• March 18, 2014

    In something as tiny as a speck of dust lies the potential to change earth’s climate. When winds blow iron-rich dust off the continents, they give the plant-like algae floating on the surface of the oceans added nutrients to grow faster. Large algal blooms can draw down carbon from the atmosphere, and in extreme cases, cool earth’s climate. Researchers are trying to understand to what extent dust, by providing extra food for algae, or phytoplankton, may have helped to tip the planet into a deep freeze starting about 30,000 years ago. From the onset of the last ice age to its peak, about 18,000 years ago, carbon dioxide levels fell by about 100 parts per million. As much as 25 percent of that drop can be attributed to the effect of dust.

  • March 07, 2014

    Researchers studying the rings of ancient trees in mountainous central Mongolia think they may have gotten at the mystery of how small bands of nomadic Mongol horsemen united to conquer much of the world within a span of decades, 800 years ago. The rise of the great leader Genghis Khan and the start of the largest contiguous empire in human history was propelled by a temporary run of nice weather.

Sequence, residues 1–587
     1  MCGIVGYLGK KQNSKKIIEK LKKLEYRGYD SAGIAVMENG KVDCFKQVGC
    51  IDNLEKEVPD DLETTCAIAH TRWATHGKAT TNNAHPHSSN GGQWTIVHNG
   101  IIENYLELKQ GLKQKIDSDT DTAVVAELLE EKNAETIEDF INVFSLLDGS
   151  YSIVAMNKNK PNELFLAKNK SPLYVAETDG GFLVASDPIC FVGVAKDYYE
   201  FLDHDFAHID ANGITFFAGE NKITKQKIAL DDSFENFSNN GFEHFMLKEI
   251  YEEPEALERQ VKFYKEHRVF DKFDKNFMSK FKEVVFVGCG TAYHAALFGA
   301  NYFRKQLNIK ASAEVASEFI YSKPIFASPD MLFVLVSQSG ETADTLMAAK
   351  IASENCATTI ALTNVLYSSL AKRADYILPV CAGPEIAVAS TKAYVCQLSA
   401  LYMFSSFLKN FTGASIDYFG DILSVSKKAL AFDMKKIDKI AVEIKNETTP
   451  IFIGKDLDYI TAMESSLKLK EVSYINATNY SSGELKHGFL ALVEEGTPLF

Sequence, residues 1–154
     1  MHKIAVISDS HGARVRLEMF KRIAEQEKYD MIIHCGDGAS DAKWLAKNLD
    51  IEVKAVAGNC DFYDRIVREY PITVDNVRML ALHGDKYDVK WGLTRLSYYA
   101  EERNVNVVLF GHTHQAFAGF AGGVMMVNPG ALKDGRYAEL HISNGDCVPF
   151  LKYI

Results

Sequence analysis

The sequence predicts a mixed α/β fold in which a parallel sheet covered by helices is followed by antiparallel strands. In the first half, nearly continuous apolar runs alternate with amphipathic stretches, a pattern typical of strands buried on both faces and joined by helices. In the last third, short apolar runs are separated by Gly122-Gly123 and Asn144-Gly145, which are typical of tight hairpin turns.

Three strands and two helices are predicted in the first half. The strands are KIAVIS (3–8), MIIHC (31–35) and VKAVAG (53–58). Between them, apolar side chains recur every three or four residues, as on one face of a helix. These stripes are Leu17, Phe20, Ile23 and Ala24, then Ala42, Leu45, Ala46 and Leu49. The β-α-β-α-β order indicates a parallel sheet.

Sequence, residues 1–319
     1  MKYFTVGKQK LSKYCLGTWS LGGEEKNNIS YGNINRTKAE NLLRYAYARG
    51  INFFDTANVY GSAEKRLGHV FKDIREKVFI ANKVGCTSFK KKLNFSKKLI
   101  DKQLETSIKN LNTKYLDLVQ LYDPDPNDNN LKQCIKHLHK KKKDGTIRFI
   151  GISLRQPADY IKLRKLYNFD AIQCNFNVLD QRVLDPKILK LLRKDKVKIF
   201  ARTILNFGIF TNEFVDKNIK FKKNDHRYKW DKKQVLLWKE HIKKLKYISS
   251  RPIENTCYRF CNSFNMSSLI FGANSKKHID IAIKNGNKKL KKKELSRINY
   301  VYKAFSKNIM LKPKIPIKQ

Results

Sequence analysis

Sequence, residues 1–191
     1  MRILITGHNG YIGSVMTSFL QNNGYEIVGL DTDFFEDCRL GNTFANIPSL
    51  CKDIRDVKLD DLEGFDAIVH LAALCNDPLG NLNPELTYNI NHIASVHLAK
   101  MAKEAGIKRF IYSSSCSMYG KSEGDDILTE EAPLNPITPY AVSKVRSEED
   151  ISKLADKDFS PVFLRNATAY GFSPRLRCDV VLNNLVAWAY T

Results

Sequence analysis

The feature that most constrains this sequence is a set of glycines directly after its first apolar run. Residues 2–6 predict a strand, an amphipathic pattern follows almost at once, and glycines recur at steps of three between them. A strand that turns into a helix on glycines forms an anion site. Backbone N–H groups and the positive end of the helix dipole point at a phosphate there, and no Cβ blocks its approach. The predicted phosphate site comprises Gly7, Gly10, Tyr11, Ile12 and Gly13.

• March 04, 2014

    A climate scientist who has suggested how mountain building can lower Earth’s thermostat and why ice ages sometimes wax and wane at different speeds has been awarded one of geology’s oldest and most coveted prizes: the British Wollaston Medal. The first woman to win a Wollaston in the prize's183-year history, Maureen Raymo, a researcher at Columbia University’s Lamont-Doherty Earth Observatory, joins the company of Victorian giants Charles Darwin and Louis Agassiz, and major 20th-century figures including  climatologist Sir Nicholas Shackleton and James Lovelock, originator of the Gaia hypothesis. Raymo, 54, will receive the medal, cast in the platinum-like metal palladium discovered by Henry Wollaston in 1803, at the Geological Society of London’s annual meeting in June.

  • March 03, 2014

    On Feb. 20, Science published new research about the Pine Island Glacier on the West Antarctic Ice Sheet that suggests the glacier’s recent and rapid thinning and melting may continue for decades or centuries to come. The British Antarctic Survey’s Joanne Johnson’s research, done in collaboration with scientists at Lamont-Doherty, might not have been possible without Lamont’s effort to promote women scientists, honoring another woman scientist who helped map the ocean floor.

  • February 25, 2014